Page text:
January 23, 2018
As I got ready for my thrift shop expedition, my husband cautioned me, "Now don't go crazy."
I don't know why he is always asking this of me. I consider my enjoyments to be springing from enthusiasm, and there's nothing wrong with enthusiasm. Like in the photo above, where I found a beautiful purple coat for only three dollars.
Who wouldn't be excited about that?
The lure of saving money is part of the thrift store experience, which has two opposing camps. There are those who are skeptical of getting clothing which someone else has "rejected." Then there are those, like myself, who know all too well that anyone can buy a nice item which is simply wrong for us, never gets worn, and is then set free to find a new, more suitable, home.
Thrift with width
Down at the end of Will Rogers Drive is the GoFish! Thrift Shop. It is room after room of cared-for clothes that are ready to wear and look great. This isn't fishing in a dumpster kind of secondhand clothes. These have been picked over by the dedicated volunteers who rotate stock seasonally and have plenty of suggestions when consulted.
The central hallway features paired outfits and framed art.
I wind up getting the coat I am modeling above, along with the frilly scarf hanging on the left. Because for a dollar, why not? This will mean one of my less-enjoyed coats will go into the donation bin. It's been only lightly worn (because it's not a favorite) and now someone else can enjoy it more than I have.
I think this process is reflected in the difference between the men and women sections here, and in other thrift shops. The women's area consists of two of the biggest rooms, while the men's section is only part of one. The men I know don't buy anything unless they really like it, and then they will wear it into the ground.
While women are more likely to gamble.
It's fun to browse when there is a guarantee nothing is going to be that expensive. I find a pair of pretty jeans and a pullover so soft I know these will become a favorite for home wear.
Another great angle is the abundance of kid stuff, from hats and coats to toys and games. The thrift store has become the way older children in the community can pass on things to younger children, because they don't have to be in the same family.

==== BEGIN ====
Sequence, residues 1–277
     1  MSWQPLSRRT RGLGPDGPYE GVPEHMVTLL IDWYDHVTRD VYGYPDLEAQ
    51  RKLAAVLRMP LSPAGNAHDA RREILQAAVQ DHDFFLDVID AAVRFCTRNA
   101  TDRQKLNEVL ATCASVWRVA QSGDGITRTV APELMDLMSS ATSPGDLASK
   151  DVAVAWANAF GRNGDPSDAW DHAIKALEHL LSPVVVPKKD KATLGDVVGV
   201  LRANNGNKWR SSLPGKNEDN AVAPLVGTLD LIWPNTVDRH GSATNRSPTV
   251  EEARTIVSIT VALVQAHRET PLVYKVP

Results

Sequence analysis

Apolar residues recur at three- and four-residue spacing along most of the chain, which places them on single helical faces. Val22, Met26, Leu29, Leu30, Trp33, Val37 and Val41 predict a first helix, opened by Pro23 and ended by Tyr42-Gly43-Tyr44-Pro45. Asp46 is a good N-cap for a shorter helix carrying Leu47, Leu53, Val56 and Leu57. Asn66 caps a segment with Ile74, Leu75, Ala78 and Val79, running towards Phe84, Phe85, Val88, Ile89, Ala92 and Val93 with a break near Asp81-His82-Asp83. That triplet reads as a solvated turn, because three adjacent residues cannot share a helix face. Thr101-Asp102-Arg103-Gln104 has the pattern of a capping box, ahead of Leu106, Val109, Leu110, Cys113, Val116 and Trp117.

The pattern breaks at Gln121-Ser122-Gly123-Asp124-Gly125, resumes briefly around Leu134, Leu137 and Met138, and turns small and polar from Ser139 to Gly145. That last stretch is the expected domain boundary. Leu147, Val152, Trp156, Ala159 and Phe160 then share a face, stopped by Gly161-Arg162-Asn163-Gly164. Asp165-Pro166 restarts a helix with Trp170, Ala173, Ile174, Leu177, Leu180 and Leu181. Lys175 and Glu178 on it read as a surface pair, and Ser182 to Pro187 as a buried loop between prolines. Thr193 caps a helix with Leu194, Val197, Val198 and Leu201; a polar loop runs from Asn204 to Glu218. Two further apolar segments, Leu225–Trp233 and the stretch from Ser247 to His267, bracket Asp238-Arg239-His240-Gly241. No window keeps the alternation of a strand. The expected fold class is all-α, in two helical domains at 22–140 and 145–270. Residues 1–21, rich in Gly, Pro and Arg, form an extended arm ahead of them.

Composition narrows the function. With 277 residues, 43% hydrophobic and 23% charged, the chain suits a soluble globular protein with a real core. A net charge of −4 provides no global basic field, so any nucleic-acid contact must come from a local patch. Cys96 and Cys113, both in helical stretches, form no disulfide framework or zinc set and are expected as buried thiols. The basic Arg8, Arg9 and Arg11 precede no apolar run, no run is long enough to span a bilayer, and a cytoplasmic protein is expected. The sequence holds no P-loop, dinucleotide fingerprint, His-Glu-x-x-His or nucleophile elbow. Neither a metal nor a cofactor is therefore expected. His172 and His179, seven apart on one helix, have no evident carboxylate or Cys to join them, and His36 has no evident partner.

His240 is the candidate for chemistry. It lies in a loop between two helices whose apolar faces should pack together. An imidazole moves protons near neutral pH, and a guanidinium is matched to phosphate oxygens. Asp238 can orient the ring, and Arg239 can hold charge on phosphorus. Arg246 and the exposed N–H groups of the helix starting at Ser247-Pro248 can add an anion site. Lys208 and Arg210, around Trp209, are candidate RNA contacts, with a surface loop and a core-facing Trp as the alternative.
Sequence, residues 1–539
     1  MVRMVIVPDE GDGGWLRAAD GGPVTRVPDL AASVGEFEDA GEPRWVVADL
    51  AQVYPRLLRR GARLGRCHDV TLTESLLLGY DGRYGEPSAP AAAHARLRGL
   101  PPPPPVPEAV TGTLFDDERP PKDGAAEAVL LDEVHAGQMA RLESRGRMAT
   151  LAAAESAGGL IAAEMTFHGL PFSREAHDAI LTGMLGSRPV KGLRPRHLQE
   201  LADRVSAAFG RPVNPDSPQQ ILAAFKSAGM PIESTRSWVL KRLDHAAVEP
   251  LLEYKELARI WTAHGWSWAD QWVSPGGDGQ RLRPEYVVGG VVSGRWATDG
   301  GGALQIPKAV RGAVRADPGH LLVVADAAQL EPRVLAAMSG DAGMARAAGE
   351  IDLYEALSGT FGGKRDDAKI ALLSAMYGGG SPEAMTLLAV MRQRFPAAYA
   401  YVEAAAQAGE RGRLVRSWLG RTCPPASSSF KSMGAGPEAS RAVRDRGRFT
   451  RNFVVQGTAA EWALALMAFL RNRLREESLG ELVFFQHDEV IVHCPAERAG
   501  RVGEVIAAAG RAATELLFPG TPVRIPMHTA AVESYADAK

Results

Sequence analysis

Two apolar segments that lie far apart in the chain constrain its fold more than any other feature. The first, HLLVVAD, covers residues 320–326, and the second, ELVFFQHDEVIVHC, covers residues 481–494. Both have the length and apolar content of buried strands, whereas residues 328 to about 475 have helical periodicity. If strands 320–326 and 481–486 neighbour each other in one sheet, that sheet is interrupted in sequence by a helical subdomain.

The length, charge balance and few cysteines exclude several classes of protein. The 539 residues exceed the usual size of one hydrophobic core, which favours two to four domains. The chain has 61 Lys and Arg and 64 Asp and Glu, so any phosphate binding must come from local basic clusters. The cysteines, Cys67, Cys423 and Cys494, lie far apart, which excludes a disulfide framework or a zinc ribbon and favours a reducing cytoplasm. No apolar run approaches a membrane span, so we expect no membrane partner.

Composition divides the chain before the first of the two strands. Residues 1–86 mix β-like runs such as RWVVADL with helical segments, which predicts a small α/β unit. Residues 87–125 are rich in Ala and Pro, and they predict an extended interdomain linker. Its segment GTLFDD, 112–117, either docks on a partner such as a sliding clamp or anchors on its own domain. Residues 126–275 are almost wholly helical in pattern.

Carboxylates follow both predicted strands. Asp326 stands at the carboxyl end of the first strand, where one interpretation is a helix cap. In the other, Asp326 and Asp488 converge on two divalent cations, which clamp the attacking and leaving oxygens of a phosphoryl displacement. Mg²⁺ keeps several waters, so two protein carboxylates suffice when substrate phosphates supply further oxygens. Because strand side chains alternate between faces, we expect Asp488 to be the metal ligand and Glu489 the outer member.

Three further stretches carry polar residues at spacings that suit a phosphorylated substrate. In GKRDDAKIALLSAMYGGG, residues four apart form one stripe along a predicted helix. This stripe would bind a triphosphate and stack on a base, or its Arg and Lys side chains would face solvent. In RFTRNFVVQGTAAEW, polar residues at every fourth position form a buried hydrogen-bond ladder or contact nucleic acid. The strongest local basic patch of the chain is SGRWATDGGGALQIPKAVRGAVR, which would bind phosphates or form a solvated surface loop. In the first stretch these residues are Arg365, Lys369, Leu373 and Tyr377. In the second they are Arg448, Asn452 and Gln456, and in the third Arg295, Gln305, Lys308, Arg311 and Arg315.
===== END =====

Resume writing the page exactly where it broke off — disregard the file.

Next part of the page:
Go Fish! is open Wednesdays from 10 a.m. to 3 p.m., and Saturdays 10 a.m. to 2 p.m. There are dressing rooms. Please bring cash.
Thrift with depth
For an even higher quality browse, try the vintage clothing store on Broadway, near the river. Main Street Exchange is where I found a 1960's velvet opera cloak. It immediately went home with me.
This is a place which puts their best stuff out where people can see it.
Outside the door is the dollar rack. Moving inside, we find a charming reception area where some higher-end items are displayed, along with jewelry under glass. A large room in the back has racks and shelves of mostly clothes, but also hats, belts, bags, and accessories.
Another thing about thrift shopping is that sizes are only the start. We have to try them on to make sure they will fit. Back in 1958, Marilyn Monroe was a size twelve. But that was a very different time. Her dress would be a size four today, or even smaller. The famously slender Twiggy was a size 8 that year. Today, she would be a 00.
Companies do "vanity sizing," where the clothes are larger than the tag would suggest. Some companies, who are under contract to come up with a certain number of items in a certain size, wind up tagging things according to their contract, not their size.
I was very tempted by a gorgeous black velvet coat, but it had an oversized collar that didn't work for me. With my husband's cautions echoing in my head, I realized I was already bringing home one bag of clothes.
But I will be back.
Main Street Exchange is closed Sunday and Monday. They are open Tuesday through Friday, 11 a.m. through 5:30 p.m., Saturday 11 a.m. through 4 p.m. They take cash, or debit and credit cards.
Fun of frugal
One of the reasons a selection of reasonably priced clothes might be of interest is when you arrive for a visit, and there are gaps in your wardrobe. Maybe those gloves aren't quite warm enough. Maybe you realize a hat makes more sense in the Adirondack woods than it did in your bedroom where you packed.
But I also like seeking out thrift stores in new places because I will be seeing different kinds of things. People tend to shop the places close to them, at least, they used to. Now, online shopping is popular because it puts a lot more variety in front of us. This can lead to more variety in the vintage stores of the future.
Whatever the reason, treasure hunting is its own kind of fun, whether it is practical, or not.